In the years since first meeting Nisar and Altaf, my group of Sindhi friends has grown exponentially. At first it was largely reporters, but gradually I also met teachers, doctors, students, shopkeepers, farmers. I was at first amazed to see how many of these new friends were also poets. The culture of poetry (reading, writing, and performing) is as alive and vibrant in Sindh (and in South Asia more broadly) as the colors of the Thari women's dupattas. Even before I started learning local languages, I realized I was going to have to learn new ways to communicate with these new friends. It wasn't purely an issue of language comprehension--though those problems do arise. More importantly I had to learn a different rhythm of ideas, a more figurative mode of expression, a very different balance of emotions from what I was used to. It has taken time, and sometimes still catches me off guard, but now on the whole I feel more comfortable communicating in the mode of my Sindhi friends. I found in them a refreshing lack of unnecessary self-consciousness and modest, a boldness in expressing opinions, and a welcoming of new ideas. That sense of WELCOME has been the most important of all. Dozens of families have extended an invitation to their homes, hundreds have expressed curiosity in me and my life. When Sindh came into my life, the size and scope of my idea of "home" increased a hundredfold.
I'm especially pleased that my friendship with Nisar has continued throughout these past years. Last March Nisar visited the US for the first time, as part of a cultural exchange program for journalists (Americans travelled to Pakistan and vice versa, meeting up with one another before and after to compare experiences). While Nisar was in New York City, my husband and I traveled up to meet him. It was a brief visit -- just long enough for dinner and chatting -- and for the exchange of a few cultural presents. Nisar brought ajraks (large printed shawls that are an ancient symbol of Sindh) for Andrew and me, embroidered with our names, as well as pieces of earthenware from Moenjo-Daro, the site of one of the world's most ancient civilizations. We gave Nisar a baseball cap, T-shirt, and a few other local items. (Unfortunately for Nisar, our offerings were far less magical than his! But he received them with great smiles.)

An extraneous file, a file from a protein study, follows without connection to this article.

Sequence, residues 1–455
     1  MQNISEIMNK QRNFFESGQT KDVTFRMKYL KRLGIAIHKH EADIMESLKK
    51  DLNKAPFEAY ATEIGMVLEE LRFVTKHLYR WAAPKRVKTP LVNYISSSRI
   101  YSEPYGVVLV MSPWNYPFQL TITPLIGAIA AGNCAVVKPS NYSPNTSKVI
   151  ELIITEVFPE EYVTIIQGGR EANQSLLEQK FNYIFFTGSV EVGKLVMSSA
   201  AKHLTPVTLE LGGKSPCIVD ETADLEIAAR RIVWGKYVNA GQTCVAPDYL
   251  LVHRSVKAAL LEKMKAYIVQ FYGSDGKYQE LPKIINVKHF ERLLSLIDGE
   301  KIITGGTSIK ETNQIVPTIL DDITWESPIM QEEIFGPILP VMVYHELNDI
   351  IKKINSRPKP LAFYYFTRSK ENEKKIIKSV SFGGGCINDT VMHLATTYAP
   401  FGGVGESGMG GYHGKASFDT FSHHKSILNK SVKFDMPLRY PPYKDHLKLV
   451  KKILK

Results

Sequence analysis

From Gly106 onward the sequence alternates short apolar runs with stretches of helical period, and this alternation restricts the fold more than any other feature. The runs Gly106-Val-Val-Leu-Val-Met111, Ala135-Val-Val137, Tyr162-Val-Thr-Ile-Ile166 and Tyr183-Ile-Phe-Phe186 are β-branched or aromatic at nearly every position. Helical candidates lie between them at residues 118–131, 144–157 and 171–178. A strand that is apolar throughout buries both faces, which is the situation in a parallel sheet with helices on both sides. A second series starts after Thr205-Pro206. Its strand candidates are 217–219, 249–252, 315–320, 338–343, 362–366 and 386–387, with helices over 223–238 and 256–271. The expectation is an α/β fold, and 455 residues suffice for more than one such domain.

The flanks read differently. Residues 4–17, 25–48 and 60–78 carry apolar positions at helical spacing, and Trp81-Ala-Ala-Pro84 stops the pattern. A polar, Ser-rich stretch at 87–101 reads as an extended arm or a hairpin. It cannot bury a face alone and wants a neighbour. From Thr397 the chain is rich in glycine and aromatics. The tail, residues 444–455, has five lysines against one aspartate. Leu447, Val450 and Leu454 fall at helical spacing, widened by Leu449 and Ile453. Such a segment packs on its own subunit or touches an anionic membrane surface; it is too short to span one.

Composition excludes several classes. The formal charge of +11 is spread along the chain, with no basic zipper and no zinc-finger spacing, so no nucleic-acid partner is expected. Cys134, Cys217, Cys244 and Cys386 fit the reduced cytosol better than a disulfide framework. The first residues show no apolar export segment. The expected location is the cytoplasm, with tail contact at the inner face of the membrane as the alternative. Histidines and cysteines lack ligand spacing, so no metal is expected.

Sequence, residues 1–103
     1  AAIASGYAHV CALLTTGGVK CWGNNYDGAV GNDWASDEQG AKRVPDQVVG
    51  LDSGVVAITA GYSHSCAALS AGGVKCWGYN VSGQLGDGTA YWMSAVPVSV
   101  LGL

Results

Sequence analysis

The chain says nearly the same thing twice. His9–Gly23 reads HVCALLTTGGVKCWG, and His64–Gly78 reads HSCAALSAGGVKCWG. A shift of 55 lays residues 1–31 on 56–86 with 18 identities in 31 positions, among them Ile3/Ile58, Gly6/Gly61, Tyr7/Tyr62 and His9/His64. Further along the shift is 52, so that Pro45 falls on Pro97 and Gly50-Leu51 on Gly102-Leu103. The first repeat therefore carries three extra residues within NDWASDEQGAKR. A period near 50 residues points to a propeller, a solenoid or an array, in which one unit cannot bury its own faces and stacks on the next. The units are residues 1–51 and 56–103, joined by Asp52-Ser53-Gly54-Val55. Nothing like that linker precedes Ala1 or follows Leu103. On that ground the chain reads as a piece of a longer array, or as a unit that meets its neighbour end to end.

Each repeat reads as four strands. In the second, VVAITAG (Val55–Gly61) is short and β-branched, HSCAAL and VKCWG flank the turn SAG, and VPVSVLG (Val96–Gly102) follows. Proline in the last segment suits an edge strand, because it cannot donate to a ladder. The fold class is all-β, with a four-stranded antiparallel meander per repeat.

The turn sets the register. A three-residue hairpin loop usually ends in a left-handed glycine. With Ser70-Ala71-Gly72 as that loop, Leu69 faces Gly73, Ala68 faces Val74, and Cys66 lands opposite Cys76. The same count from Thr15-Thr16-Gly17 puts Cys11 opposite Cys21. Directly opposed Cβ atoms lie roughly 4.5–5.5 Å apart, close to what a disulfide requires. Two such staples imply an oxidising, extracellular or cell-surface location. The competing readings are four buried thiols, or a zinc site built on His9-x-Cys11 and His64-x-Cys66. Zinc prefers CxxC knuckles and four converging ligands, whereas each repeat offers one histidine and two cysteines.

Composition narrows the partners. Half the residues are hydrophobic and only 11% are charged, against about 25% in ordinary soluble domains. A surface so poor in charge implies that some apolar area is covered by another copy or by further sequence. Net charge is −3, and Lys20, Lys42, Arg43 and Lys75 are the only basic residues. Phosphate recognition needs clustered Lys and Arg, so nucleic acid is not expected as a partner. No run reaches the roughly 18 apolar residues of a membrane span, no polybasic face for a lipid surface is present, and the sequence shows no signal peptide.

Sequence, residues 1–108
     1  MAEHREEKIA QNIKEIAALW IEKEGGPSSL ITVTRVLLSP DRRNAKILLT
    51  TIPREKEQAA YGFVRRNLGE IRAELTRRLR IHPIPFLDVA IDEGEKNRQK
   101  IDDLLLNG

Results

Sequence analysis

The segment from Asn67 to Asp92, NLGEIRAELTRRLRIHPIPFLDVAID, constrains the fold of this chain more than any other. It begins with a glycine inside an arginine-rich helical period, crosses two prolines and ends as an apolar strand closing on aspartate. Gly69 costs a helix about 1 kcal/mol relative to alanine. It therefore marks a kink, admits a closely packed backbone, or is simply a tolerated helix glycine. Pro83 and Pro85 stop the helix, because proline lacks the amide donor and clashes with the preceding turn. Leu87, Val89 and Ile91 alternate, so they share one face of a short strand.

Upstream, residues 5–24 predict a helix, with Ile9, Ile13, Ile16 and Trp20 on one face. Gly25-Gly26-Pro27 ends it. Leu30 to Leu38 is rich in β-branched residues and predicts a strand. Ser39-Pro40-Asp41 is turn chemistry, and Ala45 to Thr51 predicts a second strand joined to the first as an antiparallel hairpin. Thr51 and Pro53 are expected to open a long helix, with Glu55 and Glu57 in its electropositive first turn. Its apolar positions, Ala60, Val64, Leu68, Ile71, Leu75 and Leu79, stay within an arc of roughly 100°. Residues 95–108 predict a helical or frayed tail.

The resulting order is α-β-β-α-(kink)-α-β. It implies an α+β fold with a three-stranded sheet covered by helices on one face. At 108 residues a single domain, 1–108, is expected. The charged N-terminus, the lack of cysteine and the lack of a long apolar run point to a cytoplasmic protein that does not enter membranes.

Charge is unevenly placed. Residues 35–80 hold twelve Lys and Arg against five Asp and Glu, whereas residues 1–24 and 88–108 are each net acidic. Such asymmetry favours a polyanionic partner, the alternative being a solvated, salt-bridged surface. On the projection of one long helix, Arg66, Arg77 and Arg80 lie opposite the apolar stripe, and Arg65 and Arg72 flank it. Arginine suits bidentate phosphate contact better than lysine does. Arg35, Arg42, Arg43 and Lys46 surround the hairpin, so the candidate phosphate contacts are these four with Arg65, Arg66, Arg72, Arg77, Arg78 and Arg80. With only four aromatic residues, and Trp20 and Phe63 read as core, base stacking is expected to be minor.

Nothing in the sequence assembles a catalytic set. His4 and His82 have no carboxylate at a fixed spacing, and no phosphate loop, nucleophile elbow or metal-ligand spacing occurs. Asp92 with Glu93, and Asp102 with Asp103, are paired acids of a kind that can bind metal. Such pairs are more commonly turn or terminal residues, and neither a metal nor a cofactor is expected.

My story with Sindh extends far beyond these few threads of narrative I've braided together here. The number of deep friendships I have made and individuals worth naming is vast. But now I have at least established the basis of my adventures in Sindh, and in Pakistan more broadly, and in South Asia on the whole.
One final item for this page. A few months ago I received a package containing a gift from a friend of mine from Karachi. He had been telling me about "thari bangles" and asking if I knew how to wear them.... I thought, of course, who doesn't know how to wear bangles? But when they arrived I was surprised to see how many of them there were, of a variety of sizes. It takes quite an effort even to arrange them on the arms. Also in the package was a green and red dupatta: bold, yet graceful in its folds. Putting it all together, I realized what was exciting about these items: they were very similar to the attire of those extraordinary women of the Sindhi plains who were interviewed by my friend Altaf after the floods. These were bits of that culture that first attracted me to the region. Realizing this, I felt especially honored to decorate myself with them.
Part 2: The Magic Box.
Actually, this is the real Part I. This is the farthest-back point in my history of discovering South Asia. And for the first two decades of my life, it would have seemed an outlier. But whenever someone asks me how I first became interested in that part of the world, in my heart I want to mention this. Usually there is no time for such flights of nostalgia. But here I will indulge, and those who are not interested can move on.